What It Feels Like To Be a Goy:
A Poet's Talk in Tel Aviv
WHAT does it feel like to be a Goy? Most modern Jewish fiction, or autobiography disguised as fiction, answers the complementary question “What does it feel like to be a Jew?” The goyim who surround each protagonist in these very similar dramas are described objectively; but the Jewish reader and the author himself can only guess what goes on behind their masks. Are they cruel, insensitive, or merely ignorant?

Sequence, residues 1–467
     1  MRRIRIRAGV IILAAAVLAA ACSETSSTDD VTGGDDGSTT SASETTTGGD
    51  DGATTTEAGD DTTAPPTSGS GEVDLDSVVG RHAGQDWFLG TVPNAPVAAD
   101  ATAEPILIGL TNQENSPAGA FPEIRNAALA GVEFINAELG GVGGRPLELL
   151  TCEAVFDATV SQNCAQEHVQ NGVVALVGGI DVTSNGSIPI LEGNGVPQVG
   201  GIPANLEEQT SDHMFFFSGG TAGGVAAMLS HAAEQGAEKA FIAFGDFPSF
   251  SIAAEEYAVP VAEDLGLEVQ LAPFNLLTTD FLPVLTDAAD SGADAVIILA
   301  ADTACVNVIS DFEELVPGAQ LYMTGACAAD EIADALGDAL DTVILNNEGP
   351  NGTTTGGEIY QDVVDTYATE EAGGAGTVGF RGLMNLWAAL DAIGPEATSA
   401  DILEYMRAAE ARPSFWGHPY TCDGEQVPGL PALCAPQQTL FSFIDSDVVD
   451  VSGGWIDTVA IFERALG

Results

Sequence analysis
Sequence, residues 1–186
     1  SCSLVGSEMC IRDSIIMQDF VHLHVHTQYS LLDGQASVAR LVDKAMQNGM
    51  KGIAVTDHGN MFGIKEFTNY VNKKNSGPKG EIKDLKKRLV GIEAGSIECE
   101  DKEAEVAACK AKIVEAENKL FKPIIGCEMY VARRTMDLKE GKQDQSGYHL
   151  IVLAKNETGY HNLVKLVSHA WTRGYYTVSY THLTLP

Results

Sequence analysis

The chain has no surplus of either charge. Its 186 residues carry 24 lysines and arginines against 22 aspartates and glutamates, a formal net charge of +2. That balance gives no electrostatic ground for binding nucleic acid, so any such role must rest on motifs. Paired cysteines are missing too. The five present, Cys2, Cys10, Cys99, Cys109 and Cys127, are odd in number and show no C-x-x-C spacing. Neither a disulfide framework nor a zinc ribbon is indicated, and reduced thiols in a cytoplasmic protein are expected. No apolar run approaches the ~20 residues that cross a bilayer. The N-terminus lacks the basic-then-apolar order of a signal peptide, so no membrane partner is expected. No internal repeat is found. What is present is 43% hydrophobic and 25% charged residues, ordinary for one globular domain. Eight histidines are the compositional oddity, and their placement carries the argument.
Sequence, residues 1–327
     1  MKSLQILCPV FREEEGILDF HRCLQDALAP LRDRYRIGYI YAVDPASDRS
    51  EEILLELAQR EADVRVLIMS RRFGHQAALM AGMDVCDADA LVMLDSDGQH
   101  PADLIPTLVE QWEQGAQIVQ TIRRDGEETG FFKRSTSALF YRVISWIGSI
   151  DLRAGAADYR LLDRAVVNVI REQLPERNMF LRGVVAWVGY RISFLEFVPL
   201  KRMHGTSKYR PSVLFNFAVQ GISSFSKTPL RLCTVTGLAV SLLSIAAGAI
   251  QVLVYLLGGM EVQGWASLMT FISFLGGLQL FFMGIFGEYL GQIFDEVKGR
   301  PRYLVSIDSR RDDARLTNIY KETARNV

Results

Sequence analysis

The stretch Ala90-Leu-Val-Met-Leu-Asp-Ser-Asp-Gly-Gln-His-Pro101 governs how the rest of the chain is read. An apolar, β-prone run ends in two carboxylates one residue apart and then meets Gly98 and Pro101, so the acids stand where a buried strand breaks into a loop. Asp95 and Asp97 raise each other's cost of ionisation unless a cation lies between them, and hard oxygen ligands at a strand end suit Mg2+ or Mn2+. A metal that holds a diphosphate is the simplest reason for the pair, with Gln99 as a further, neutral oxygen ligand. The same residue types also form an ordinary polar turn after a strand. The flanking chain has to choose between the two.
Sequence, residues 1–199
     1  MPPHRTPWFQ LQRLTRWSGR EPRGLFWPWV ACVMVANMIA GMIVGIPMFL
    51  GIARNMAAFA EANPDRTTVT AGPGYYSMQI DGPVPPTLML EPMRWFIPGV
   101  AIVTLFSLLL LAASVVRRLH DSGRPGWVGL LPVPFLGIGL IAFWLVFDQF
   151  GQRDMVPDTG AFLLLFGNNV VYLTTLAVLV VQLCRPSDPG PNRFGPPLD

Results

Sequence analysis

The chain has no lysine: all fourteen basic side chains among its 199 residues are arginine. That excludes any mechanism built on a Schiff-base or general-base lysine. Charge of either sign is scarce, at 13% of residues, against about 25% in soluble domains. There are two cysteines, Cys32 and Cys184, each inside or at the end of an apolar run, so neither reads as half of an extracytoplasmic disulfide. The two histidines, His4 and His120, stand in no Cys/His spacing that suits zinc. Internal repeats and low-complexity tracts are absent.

I am a goy, and the son of goyim: several generations at least on both sides of the family. It has recently become the fashion in the United States for young non-Jewish intellectuals to ransack their yellowing archives in search of a Jewish great-great-grandmother. The other day one of the Lowells of Boston told me with sparkling eyes that he actually has a Jewish great-grandmother. I cannot make any such claim. My father’s pedigree contains several medieval Kings of England, albeit through an illegitimate line, a Spanish King of Cordoba maternally descended from the Prophet Mahomet, and-since we Graveses married into several Irish families-any amount of legendary Irish kings and heroes. No Cohens or Levis, not one! I did have a German great-grandmother named Schubert, but unfortunately she came of solid Lutheran stock.
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